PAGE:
Cognitive effects of cancer and its treatments at the intersection of aging: what do we know; what do we need to know?

@article{Mandelblatt2013CognitiveEO,
  title={Cognitive effects of cancer and its treatments at the intersection of aging: what do we know; what do we need to know?},
  author={Jeanne S Mandelblatt and Arti Hurria and Brenna C. McDonald and Andrew J. Saykin and Robert A. M. Stern and John W. VanMeter and Meghan E McGuckin and Tiffany A. Traina and Neelima Denduluri and Scott R ichard Turner and Darlene V. Howard and Paul B. Jacobsen and Tim A. Ahles},
  journal={Seminars in oncology},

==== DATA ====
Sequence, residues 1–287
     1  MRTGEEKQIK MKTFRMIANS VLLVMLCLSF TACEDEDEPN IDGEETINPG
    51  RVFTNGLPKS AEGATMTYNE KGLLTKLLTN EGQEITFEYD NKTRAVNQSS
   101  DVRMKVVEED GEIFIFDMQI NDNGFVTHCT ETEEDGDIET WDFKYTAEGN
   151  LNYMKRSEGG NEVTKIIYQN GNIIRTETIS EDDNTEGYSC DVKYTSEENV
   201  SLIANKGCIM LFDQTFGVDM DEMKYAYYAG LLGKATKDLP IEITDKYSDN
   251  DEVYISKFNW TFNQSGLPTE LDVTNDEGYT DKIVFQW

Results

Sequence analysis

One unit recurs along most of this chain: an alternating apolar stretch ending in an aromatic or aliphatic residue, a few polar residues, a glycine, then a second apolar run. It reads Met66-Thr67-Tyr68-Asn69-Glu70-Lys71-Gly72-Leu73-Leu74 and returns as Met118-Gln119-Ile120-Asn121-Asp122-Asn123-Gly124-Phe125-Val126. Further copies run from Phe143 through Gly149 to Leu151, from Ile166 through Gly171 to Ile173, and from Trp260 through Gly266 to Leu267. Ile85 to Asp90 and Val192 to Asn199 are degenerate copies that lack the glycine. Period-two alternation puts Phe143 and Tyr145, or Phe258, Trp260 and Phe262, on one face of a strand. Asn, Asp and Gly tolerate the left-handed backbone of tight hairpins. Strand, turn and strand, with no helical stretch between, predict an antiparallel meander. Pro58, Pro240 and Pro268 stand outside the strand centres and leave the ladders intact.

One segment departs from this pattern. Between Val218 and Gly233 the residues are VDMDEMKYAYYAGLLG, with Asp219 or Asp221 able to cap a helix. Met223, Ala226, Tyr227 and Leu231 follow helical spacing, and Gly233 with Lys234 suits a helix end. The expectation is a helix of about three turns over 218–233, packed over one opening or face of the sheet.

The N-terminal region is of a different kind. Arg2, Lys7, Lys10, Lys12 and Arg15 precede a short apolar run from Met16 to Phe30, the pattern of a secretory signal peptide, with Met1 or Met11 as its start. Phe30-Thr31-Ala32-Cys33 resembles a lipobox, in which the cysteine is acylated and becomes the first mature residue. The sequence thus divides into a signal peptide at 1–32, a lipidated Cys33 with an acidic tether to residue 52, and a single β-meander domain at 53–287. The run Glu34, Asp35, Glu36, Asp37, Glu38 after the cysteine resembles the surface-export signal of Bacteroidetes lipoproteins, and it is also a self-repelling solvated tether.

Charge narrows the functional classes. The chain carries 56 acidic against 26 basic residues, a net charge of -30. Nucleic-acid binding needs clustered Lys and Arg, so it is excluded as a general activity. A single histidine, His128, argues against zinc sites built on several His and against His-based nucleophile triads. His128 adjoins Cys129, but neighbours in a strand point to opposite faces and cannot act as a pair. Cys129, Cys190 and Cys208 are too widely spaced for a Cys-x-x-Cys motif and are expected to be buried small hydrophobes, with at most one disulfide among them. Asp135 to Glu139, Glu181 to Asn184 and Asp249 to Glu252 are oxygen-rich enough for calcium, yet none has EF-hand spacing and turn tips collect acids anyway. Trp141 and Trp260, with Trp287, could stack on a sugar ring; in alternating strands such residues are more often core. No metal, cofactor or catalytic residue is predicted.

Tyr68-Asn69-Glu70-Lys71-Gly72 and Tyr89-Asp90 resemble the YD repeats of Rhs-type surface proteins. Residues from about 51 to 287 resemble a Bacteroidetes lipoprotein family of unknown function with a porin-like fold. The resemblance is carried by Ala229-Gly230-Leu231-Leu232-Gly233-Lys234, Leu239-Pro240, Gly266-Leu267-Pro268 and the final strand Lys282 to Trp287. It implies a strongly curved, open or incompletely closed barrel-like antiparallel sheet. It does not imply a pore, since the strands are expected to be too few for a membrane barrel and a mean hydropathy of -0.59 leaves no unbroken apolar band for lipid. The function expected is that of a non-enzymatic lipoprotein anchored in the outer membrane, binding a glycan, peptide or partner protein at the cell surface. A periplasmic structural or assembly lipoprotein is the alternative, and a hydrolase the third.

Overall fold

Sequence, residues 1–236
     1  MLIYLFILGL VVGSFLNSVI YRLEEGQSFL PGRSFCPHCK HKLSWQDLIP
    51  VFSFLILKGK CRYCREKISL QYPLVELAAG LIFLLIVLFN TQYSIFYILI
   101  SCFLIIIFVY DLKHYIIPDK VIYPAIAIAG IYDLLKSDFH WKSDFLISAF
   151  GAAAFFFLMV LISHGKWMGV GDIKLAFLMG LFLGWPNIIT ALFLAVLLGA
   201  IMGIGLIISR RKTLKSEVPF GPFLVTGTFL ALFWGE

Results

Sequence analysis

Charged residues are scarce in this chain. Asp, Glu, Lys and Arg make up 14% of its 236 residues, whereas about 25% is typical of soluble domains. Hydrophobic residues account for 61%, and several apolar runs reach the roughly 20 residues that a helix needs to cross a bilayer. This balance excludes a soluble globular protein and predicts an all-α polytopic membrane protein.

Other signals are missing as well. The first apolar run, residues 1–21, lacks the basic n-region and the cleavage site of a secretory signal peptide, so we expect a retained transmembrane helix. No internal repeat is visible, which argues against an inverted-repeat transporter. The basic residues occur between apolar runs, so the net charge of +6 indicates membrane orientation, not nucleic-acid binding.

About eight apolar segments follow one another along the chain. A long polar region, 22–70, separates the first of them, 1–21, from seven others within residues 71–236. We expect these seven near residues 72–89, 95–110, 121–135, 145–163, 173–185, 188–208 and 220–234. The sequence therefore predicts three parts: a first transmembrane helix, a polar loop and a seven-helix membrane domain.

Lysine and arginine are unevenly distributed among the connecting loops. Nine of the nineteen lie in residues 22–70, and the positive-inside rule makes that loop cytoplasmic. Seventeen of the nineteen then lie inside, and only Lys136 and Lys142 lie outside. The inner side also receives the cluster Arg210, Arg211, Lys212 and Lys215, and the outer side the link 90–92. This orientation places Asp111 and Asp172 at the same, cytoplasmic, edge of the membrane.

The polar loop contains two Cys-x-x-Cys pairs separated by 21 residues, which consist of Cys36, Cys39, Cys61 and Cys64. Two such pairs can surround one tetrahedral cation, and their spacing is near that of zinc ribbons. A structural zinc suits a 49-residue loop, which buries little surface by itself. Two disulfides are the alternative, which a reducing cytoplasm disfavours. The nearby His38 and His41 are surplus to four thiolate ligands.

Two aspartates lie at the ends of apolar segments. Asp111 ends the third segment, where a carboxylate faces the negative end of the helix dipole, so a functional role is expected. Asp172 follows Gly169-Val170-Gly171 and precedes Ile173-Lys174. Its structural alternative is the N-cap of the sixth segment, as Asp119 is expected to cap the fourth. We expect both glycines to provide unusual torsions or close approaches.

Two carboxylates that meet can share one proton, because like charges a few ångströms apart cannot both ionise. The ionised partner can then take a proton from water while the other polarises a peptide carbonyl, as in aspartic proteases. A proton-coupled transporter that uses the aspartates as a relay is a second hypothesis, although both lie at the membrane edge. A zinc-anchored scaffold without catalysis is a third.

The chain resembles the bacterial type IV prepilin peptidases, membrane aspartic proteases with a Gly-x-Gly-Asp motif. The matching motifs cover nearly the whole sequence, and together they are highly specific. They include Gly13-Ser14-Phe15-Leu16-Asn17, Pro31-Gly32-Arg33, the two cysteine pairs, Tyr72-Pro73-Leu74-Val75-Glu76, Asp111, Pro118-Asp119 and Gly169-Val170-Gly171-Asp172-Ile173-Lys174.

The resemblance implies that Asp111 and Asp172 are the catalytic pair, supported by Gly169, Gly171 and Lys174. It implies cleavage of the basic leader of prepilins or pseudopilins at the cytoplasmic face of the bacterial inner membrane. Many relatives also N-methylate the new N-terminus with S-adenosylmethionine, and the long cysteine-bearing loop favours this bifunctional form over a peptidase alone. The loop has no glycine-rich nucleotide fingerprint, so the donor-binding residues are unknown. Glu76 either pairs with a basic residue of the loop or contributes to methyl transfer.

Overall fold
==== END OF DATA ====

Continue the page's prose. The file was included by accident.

year={2013},
  volume={40 6},
  pages={
          709-25
        }
}
There is a fairly consistent, albeit non-universal body of research documenting cognitive declines after cancer and its treatments. While few of these studies have included subjects aged 65 years and older, it is logical to expect that older patients are at risk of cognitive decline. Here, we use breast cancer as an exemplar disease for inquiry into the intersection of aging and cognitive effects of cancer and its therapies. There are a striking number of common underlying potential biological… CONTINUE READING
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